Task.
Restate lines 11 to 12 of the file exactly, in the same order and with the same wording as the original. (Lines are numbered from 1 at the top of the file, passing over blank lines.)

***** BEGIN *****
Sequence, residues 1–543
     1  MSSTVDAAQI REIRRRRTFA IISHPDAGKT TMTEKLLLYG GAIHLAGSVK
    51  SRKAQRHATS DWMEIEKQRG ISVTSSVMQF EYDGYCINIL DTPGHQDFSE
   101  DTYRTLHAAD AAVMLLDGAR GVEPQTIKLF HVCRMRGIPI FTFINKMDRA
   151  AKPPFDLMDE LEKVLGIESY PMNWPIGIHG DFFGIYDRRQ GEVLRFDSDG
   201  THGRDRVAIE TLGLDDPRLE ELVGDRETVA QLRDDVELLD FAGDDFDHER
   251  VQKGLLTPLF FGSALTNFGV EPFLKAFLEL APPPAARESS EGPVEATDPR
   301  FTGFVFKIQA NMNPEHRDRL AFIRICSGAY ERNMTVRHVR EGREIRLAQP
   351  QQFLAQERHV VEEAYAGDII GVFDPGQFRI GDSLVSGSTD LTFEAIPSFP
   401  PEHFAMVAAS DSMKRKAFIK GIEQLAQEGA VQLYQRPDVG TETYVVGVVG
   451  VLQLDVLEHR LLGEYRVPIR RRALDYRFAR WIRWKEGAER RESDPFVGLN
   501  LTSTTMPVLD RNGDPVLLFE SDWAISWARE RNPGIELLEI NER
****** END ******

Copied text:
   451  VLQLDVLEHR LLGEYRVPIR RRALDYRFAR WIRWKEGAER RESDPFVGLN
   501  LTSTTMPVLD RNGDPVLLFE SDWAISWARE RNPGIELLEI NER